thenextwave

Futures and metaphors

Posted in books, future by thenextwavefutures on 31 October, 2015

CLA2I reviewed CLA 2.0, the second causal layered analysis reader, for the APF’s newsletter, Compass, and the full review is attached as a PDF below. To declare an interest: I have a co-written chapter (with Wendy Schultz) in the reader, based on our article [opens pdf] on comparative scenarios methods in the Journal of Futures Studies.

The layers of Causal Layered Analysis are litanies, systems, worldviews and metaphors. One of the things reading CLA 2.0 for the review made me realise was the importance of metaphors in influencing the impact of futures work. So I’m sharing that part of the review here, below the fold.

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The human face of High Value Work

Posted in innovation, trends, work by thenextwavefutures on 16 October, 2015

This is a version of a talk I gave in Helsinki at Teknologia ‘15, based on the work on High Value Work that I have have done at The Futures Company with the Association of Finnish Work.

The Futures Company has been collaborating with the Association of Finnish Work for more than eighteen months on the idea of “High Value Work”. We define this as work that is productive (it creates new value); that is durable (it creates value over time); and work that is inclusive (it spreads value beyond the business — or the C-suite. This combination, based on the emerging post-crisis literature, also creates work that is meaningful, for employees and customers.

AFW_high value work agenda

Slide 1: high value work

In the first of our four reports on High Value Work, we identified four routes to it. These are service innovation, based on a full understanding of the customer and their needs; value in authenticity, based on on a full understanding of cultural context; resource innovation, based on a full understanding of material flows; and rich knowledge, based on a full understanding of the technical knowledge held inside the organisation and a method to capture and codify it.

High value businesses combine these; for example, mastery of resource innovation often creates new technical capabilities that lead to new forms of rich knowledge.

Human capabilities

Slide 2: Theory X and Y revisited

What striking about these routes is that they have human capabilities at their heart. Service innovation and value in authenticity are based on relationships, whether human or cultural, while resource innovation and rich knowledge are based on technical processes and technical understanding. People, in short, are at the heart of value.

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Futures methods

Posted in future, methods by thenextwavefutures on 15 October, 2015

3650558_origIn my role as editor of Compass, the newsletter of the Association of Professional Futurists, I’ve just put together an anthology on methods, based on the contributions to Compass from APF members and collaborators over the past few years. The result is now available to download on the APF’s website. Compass is normally a membership-only newsletter, but we’ve decided to make this edition available more widely. I think it’s a pretty good collection of some of the newer and emerging methods in the field. Each article (or interview) is by (or with) someone involved in the development of each method.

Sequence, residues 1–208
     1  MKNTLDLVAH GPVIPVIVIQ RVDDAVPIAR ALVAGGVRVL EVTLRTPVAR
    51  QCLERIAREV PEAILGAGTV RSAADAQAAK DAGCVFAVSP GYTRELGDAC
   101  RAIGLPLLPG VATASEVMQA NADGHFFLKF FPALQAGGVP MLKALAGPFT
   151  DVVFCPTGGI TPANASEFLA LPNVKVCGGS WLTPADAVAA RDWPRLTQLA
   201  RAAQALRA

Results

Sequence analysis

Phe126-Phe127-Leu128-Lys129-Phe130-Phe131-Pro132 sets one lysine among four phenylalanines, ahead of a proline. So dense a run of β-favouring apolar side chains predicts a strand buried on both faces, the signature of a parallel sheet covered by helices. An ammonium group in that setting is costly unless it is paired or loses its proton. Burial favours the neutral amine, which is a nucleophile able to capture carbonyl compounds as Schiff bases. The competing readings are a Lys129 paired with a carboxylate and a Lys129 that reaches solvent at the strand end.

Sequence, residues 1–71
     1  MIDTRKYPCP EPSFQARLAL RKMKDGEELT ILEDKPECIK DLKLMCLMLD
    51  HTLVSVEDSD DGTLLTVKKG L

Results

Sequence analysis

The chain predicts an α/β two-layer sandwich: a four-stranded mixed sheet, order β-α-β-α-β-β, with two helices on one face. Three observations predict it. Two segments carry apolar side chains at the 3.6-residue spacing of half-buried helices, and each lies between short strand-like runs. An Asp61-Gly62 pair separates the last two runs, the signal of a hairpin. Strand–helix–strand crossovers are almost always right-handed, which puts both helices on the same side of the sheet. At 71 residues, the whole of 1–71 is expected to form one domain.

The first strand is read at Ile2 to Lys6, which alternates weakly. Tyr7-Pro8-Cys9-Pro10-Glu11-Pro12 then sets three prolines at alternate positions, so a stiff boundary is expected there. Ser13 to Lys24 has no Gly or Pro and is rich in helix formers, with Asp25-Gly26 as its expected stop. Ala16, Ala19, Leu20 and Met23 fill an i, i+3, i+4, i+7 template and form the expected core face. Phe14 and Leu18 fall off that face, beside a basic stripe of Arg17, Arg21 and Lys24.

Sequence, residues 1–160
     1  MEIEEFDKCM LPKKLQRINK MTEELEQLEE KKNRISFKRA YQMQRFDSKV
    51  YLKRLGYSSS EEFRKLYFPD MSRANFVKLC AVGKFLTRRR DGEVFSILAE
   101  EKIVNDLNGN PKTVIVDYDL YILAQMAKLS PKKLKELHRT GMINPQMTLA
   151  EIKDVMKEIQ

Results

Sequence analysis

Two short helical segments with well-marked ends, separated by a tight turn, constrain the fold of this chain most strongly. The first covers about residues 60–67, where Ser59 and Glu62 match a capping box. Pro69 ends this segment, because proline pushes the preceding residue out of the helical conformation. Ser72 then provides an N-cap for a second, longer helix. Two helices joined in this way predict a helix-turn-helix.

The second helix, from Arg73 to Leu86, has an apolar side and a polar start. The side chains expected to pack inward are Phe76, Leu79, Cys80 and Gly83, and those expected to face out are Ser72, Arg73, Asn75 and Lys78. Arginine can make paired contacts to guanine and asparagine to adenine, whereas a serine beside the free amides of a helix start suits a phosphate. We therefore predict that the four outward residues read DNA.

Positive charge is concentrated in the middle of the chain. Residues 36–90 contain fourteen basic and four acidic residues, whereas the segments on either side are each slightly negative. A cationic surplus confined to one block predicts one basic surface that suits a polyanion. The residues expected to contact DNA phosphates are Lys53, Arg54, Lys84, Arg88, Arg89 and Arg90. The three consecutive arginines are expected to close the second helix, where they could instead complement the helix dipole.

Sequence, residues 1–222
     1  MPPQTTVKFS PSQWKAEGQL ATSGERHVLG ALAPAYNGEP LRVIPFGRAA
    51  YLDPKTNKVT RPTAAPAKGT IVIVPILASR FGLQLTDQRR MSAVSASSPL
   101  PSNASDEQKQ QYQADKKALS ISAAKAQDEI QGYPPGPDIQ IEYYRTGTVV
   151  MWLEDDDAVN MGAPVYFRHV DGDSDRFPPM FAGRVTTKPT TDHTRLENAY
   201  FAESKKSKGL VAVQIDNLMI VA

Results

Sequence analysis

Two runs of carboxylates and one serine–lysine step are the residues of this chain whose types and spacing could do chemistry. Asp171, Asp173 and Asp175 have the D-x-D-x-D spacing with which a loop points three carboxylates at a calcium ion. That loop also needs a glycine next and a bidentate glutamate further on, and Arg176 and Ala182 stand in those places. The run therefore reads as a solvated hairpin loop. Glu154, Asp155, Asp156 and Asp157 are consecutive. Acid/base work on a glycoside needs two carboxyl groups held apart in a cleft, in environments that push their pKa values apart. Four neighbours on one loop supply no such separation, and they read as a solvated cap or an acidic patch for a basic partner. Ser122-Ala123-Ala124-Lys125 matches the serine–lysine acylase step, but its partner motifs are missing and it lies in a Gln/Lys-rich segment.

This is the introduction I wrote for the Anthology:

Where practice and theory meet, innovation often follows. Practitioners resolve difficulties in practice by re-imagining what they do, and developing new approaches. But invention on its own is not enough. To stick, it needs to be reconnected to theory. The why is as important as the what.

This is the story of many of the new and emerging methods collected in this special anthology of articles published first in the APF’s members’ newsletter, Compass. It brings together in one place material on methods published in Compass by APF members and their colleagues and collaborators.

It is a strong collection. Some of these articles are the first published accounts of methods that have real value to futures practice, such as the reframing of wildcards, VERGE, or the Mānoa scenarios method.

Some are accounts of methods that have been documented elsewhere, but in a more academic context.

But all—including the interviews—are intended to be used. These accounts are designed to inspire people to try these approaches for themselves.

Here’s the list of contents:

  • Oliver Markley’s new taxonomy of wild card, revised and updated for this edition
  • Richard Lum on VERGE
  • Bill Sharpe on Three Horizons
  • Tony Hodgson on the World Game
  • Terry Grim interviewed on the Foresight Maturity Model
  • Stuart Candy on The Thing From The Future – article expanded for this edition
  • Wendy Schultz on the Manoa Scenarios method
  • Dylan Hendricks interviewed on the Systems Methodology Toolkit.

It can be downloaded here.

The image at the top of the post is courtesy of Triarchy Press, and is used with thanks.

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